Adam Gottlob Moltke
|This article relies largely or entirely upon a single source. (January 2009)|
Though of German origin, many of the Moltkes were at this time in the Danish service, which was considered a more important and promising opening for the young north German noblemen than the service of any of the native principalities. Through one of his uncles, young Moltke became a page at the Danish court, in which capacity he formed a lifelong friendship with the crown prince Frederick, later King Frederick V. His son, Joachim Godske Moltke, and his grandson, Adam Wilhelm Moltke, later served as Prime Minister of Denmark.
Rise to power
Immediately after his accession, Frederick made Moltke Lord Chamberlain and overwhelmed him with marks of favor: making him a privy councillor, a count and bestowing upon him Bregentved, and other estates. As the companion of the king, Moltke's influence grew to the point that foreign diplomatists declared he could make and unmake ministers at will. Especially notable is Moltke's attitude towards the two distinguished statesmen who played the leading parts during the reign of Frederick, Johan Sigismund Schulin and The Elder Bernstorff. For Schulin he had a sort of veneration. Bernstorff irritated him by his grand airs of conscious superiority. But though a Prussian intrigue was set up for the supersession of Bernstorff by Moltke, the latter, convinced that Bernstorff was the right man in the right place, supported him with unswerving loyalty. 
Moltke was less liberal in his views than many of his contemporaries. He looked askance at all projects for the emancipation of the serfs, but, as one of the largest landowners of Denmark, he did service to agriculture by lightening the burdens of the countrymen and introducing technical and scientific improvements, which also increased production. His greatest merit, however, was the guardianship he exercised over the king.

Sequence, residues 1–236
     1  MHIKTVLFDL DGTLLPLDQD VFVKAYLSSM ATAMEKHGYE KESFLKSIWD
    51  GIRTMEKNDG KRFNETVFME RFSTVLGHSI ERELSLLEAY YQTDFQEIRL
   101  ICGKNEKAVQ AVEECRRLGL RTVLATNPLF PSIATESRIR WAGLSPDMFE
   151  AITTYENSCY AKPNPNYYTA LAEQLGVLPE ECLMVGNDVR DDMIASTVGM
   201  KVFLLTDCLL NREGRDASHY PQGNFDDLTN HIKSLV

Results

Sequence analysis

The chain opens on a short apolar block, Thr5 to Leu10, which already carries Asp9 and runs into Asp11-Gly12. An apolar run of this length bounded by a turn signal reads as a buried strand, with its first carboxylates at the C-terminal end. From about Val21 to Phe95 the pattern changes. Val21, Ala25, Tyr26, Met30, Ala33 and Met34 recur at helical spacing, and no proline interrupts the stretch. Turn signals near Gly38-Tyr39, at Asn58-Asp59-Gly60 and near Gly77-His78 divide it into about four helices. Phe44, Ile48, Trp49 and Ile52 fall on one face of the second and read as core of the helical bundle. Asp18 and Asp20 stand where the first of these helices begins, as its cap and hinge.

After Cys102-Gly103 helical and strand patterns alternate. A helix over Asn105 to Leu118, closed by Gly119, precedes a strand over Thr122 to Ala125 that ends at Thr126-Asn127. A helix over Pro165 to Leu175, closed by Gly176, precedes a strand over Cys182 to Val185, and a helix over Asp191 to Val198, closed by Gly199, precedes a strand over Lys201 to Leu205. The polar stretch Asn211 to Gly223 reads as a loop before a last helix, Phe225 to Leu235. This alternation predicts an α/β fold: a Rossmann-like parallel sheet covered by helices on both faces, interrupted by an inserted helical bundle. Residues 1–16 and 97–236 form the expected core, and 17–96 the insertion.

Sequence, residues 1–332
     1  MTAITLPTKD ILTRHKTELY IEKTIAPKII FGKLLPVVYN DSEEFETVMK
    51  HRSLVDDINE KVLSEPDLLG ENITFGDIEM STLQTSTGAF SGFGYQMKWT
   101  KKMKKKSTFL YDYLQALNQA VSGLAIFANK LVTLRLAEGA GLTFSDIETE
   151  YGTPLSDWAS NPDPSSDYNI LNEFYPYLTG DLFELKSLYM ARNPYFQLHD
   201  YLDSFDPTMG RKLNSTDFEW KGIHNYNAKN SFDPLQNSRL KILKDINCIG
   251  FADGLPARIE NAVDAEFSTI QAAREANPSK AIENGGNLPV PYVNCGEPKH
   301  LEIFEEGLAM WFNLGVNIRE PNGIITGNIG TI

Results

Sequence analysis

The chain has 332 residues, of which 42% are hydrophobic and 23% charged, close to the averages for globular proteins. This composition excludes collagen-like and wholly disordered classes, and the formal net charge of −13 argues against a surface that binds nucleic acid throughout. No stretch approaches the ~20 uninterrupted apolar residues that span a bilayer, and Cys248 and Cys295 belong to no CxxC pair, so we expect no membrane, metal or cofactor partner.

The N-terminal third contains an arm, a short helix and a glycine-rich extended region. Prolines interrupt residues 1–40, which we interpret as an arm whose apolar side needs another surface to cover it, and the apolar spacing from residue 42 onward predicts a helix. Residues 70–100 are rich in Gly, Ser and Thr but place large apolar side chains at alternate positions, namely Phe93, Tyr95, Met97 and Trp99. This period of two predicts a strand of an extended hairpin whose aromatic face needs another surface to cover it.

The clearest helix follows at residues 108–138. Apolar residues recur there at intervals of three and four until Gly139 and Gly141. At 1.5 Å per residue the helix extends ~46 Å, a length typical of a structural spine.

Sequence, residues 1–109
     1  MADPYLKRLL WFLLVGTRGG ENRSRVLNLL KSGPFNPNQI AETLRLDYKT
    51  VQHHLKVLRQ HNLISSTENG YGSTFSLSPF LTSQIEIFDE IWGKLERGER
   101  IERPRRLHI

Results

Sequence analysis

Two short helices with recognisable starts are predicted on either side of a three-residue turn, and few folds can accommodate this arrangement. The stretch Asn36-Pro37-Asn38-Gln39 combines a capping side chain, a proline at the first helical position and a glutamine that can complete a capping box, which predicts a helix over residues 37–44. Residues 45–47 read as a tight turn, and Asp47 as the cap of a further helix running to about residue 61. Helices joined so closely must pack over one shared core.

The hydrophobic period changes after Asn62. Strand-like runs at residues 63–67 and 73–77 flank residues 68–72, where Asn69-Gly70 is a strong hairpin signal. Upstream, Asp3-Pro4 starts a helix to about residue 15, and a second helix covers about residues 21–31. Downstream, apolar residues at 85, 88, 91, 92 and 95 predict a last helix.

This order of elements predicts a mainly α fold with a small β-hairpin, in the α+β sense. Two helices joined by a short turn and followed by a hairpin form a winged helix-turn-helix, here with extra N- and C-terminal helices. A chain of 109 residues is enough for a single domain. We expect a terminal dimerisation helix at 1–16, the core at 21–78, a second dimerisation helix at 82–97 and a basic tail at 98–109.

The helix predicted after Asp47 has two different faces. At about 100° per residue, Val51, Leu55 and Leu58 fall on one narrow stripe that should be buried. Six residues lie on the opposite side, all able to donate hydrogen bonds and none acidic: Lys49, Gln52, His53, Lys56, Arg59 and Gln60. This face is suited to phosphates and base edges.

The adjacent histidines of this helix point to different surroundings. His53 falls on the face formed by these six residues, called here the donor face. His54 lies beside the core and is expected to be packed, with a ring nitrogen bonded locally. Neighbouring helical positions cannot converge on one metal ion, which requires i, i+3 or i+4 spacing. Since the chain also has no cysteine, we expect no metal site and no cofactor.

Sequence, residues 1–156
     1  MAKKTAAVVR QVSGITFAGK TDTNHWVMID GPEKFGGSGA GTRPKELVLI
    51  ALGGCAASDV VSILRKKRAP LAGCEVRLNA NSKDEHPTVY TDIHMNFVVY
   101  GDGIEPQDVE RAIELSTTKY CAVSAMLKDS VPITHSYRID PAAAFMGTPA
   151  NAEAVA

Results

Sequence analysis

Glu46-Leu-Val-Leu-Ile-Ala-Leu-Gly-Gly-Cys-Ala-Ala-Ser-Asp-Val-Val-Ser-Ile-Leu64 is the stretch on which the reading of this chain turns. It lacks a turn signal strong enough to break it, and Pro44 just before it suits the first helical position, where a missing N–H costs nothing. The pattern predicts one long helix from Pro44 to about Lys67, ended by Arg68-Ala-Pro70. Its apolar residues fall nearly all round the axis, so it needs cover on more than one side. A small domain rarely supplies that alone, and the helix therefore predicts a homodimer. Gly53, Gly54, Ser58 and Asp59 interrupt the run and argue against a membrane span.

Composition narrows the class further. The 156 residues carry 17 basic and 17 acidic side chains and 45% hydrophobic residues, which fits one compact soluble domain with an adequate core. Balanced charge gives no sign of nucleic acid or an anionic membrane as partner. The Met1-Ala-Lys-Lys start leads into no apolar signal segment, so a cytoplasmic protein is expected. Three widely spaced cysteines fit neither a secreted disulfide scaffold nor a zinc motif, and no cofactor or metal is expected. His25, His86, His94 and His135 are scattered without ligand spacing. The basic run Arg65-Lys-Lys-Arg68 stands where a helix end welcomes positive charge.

On the death of Queen Louisa, the king would have married one of Moltke's daughters had he not peremptorily declined the dangerous honor. On the death of Frederick, who died in his arms (14 January 1766), Moltke's dominion was at an end. The new king, Christian VII, could not endure him, and exclaimed, with reference to his lanky figure: "He's stork below and fox above". At that time Moltke was also unpopular, because he was, wrongly, suspected of enriching himself at the public expense. In July 1766 he was dismissed from all his offices and retired to his estate at Bregentved. Subsequently, through the interest of Russia, to whom he had always been favorable, he regained his seat in the council (February 8, 1768), but his influence was slight and of brief endurance. He was again dismissed without a pension, on the 10th of December 1770, for refusing to have anything to do with Struensee. He lived in retirement until his death on 25 September 1792.
He was elected a Fellow of the Royal Society in 1764. His memoirs, written in German and published in 1870, have considerable historical importance. See H.H. Langhorn, Historische Nachricht über die danischen Moltkes (Kid, 1871).
- Bain, Robert Nisbet (1911). "Moltke, Adam Gottlob, Count". In Chisholm, Hugh. Encyclopædia Britannica (11th ed.). Cambridge University Press.